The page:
Before being able to determine what level of government support the industry will need if the ban goes ahead, Mr Bolt said the sector needed to be provided with the number of years the phase-out will take place over.
"What we need for a five-year phase-out will be completely different to what we will need for a 10-year phase-out, so we can't provide a definitive answer to that question until that number has been determined," he said.
WAFarmers president John Hassell, who accompanied the delegation along with WoolProducers Australia chief executive Jo Hall and Sheep Producers Australia chief executive Bonnie Skinner, also had a separate meeting with Mr Watt, in which he said the minister made it clear his mind would not be changed on the issue.
Labeling the decision by Mr Watt and Prime Minister Anthony Albanese to ban the live sheep trade as "a purely political one", Mr Hassell said it meant that policy could only be beaten politically.
"The whole premise of this promise is to keep the greens happy so Anthony Albanese didn't face a challenge in his own seat and they are sticking by their promise because of that reason," Mr Hassell said.
"To sacrifice an industry in order to pander to any inner-city lefties in Sydney is pretty damn pathetic.
"What's interesting is that there are plenty of people in the Labor Party who are actually sympathetic to the industry, but because Albanese and Murray Watt have made the decision, they are in no way going to challenge them unless they think they are going to lose their seats...so I do think we can beat this and I think we can beat it politically."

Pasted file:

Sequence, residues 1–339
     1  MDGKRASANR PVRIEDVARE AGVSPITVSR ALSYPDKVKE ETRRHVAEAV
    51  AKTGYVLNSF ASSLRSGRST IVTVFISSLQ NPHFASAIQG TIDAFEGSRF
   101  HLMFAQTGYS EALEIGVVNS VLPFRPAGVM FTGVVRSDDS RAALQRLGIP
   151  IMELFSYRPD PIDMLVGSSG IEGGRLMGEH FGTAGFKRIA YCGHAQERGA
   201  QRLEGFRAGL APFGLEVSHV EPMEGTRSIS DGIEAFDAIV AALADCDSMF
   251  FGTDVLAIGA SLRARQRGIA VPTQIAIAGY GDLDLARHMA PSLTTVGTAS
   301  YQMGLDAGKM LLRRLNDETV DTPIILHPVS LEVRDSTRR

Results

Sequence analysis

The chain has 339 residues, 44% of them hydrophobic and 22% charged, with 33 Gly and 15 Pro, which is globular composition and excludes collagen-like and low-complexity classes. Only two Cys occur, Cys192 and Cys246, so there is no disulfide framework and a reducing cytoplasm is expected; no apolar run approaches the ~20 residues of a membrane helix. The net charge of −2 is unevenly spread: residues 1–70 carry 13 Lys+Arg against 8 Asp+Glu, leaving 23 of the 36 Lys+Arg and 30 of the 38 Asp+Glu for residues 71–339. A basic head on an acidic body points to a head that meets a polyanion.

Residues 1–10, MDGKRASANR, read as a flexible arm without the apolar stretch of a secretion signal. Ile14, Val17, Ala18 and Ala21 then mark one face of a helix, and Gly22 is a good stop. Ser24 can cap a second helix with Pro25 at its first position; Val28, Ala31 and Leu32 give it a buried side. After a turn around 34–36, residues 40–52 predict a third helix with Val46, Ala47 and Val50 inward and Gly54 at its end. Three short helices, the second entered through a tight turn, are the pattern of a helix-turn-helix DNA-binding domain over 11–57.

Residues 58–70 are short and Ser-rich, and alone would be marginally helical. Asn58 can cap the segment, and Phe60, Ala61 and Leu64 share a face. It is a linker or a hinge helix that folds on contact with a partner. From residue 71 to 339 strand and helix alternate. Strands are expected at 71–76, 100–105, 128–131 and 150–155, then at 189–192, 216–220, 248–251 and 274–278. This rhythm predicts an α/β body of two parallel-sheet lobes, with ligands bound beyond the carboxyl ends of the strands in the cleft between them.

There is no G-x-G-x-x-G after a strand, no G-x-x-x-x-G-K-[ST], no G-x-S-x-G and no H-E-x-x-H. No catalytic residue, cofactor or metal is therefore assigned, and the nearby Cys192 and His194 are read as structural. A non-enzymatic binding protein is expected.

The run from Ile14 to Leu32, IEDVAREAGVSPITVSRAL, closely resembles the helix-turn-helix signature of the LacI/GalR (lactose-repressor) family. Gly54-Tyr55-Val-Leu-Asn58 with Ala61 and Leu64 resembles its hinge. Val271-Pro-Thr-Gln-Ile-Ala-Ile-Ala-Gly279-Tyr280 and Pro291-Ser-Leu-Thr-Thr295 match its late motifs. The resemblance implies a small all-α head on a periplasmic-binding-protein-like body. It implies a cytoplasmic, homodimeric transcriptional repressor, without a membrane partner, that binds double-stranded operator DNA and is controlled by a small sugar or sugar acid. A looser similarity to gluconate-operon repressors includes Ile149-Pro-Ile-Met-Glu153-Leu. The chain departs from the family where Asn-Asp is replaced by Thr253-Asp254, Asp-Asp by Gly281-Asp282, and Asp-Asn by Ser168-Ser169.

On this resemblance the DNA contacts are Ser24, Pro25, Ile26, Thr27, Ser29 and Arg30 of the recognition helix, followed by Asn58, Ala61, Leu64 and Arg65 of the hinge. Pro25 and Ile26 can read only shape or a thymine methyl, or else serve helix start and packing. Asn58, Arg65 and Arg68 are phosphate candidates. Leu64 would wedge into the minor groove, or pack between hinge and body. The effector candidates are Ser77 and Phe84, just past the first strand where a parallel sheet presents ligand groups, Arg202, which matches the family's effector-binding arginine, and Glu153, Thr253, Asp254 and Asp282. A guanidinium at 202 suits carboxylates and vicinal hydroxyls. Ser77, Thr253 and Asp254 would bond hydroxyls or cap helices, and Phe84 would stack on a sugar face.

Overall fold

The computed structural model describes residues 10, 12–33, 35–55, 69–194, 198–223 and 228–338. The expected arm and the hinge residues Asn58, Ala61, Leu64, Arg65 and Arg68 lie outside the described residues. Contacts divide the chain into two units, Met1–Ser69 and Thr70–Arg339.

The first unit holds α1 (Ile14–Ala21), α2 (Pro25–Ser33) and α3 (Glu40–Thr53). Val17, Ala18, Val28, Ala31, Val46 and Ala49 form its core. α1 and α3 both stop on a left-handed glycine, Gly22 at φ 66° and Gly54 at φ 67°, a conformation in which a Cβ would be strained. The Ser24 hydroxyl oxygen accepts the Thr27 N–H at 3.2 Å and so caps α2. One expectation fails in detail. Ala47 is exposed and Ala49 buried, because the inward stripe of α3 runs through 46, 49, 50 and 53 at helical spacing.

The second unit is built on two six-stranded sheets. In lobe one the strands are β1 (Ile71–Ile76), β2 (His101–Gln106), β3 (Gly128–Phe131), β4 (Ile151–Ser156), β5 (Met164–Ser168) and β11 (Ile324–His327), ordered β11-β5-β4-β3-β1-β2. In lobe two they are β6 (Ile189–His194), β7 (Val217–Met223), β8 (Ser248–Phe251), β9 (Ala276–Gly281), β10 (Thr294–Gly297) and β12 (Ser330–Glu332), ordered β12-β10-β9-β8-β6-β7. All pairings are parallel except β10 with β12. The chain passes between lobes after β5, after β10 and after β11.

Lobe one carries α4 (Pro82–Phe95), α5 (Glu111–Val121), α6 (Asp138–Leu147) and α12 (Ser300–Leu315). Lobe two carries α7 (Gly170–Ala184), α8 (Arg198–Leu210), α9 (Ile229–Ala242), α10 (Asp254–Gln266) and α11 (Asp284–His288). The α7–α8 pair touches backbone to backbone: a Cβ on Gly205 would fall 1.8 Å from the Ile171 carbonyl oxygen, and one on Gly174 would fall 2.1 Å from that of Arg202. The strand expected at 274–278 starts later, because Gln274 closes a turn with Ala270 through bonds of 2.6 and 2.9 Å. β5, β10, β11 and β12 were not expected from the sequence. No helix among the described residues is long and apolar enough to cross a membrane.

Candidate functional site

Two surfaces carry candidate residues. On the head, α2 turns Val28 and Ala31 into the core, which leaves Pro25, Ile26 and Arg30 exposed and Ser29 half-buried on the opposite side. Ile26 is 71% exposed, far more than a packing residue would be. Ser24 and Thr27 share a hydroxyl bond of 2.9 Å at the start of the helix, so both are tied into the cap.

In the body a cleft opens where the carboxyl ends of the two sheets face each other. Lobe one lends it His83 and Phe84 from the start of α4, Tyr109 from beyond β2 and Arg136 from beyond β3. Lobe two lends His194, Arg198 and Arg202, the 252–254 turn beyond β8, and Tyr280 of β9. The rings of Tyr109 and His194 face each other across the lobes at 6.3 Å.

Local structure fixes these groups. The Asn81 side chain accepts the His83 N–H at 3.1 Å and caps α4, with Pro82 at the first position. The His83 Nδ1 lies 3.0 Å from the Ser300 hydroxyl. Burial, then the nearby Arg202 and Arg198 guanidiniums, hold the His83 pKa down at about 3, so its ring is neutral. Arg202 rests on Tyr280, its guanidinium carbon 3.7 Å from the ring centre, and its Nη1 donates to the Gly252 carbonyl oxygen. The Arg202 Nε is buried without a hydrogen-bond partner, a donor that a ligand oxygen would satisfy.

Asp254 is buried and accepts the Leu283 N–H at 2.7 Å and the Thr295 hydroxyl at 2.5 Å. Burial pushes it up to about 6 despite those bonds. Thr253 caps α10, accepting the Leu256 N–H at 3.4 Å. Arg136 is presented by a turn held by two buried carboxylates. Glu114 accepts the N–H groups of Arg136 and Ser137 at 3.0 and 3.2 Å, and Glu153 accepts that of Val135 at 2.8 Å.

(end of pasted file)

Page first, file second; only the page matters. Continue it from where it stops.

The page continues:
National Farmers' Federation chief executive Tony Mahar said the issue had united agricultural organisations across Australia, which were continuing to work together to push the government to reverse its decision.
"The focus (of the delegation) was to share the insights from the delegation and paint a really clear picture for politicians," Mr Mahar said.
"The goal was to get the government to scrap this bad policy.
"What the government doesn't seem to grasp is the ramifications of this ban won't just impact a few farmers in WA.
"It will rip out jobs across the supply chain from shearers to livestock agents and truckies and this domino effect will be felt in regional communities.
"WA's live sheep export market complements the wider wool and sheep industry in Australian agriculture, so taking this trade away impacts producers everywhere."
Mr Mahar said the ban would also impact Australia's international trade markets and relationships and leave a dent in our economy.
With the report by the independent panel appointed to provide advice on how and when the government will phase-out live sheep exports by sea due on September 30, Mr Mahar and Mr Bolt both said their respective organisations would push for the report to be made public as soon as possible.
"This policy will impact thousands of Australians, so it is only fair and right the report is made public," Mr Mahar said.
Sign up for our newsletter to stay up to date.